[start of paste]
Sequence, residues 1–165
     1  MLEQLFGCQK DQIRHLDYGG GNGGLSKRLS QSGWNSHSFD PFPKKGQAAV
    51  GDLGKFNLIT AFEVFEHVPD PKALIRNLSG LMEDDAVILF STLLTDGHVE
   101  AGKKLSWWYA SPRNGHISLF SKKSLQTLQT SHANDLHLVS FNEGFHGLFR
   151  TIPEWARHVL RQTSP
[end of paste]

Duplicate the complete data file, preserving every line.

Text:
Sequence, residues 1–165
     1  MLEQLFGCQK DQIRHLDYGG GNGGLSKRLS QSGWNSHSFD PFPKKGQAAV
    51  GDLGKFNLIT AFEVFEHVPD PKALIRNLSG LMEDDAVILF STLLTDGHVE
   101  AGKKLSWWYA SPRNGHISLF SKKSLQTLQT SHANDLHLVS FNEGFHGLFR
   151  TIPEWARHVL RQTSP